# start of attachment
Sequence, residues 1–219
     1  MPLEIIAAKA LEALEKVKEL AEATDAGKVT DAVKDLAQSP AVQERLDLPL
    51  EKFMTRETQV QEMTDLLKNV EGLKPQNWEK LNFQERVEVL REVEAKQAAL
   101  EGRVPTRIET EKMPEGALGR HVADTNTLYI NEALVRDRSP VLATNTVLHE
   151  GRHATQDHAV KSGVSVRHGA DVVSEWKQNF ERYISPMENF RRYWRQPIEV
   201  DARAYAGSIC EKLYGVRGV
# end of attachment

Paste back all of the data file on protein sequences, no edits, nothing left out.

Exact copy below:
Sequence, residues 1–219
     1  MPLEIIAAKA LEALEKVKEL AEATDAGKVT DAVKDLAQSP AVQERLDLPL
    51  EKFMTRETQV QEMTDLLKNV EGLKPQNWEK LNFQERVEVL REVEAKQAAL
   101  EGRVPTRIET EKMPEGALGR HVADTNTLYI NEALVRDRSP VLATNTVLHE
   151  GRHATQDHAV KSGVSVRHGA DVVSEWKQNF ERYISPMENF RRYWRQPIEV
   201  DARAYAGSIC EKLYGVRGV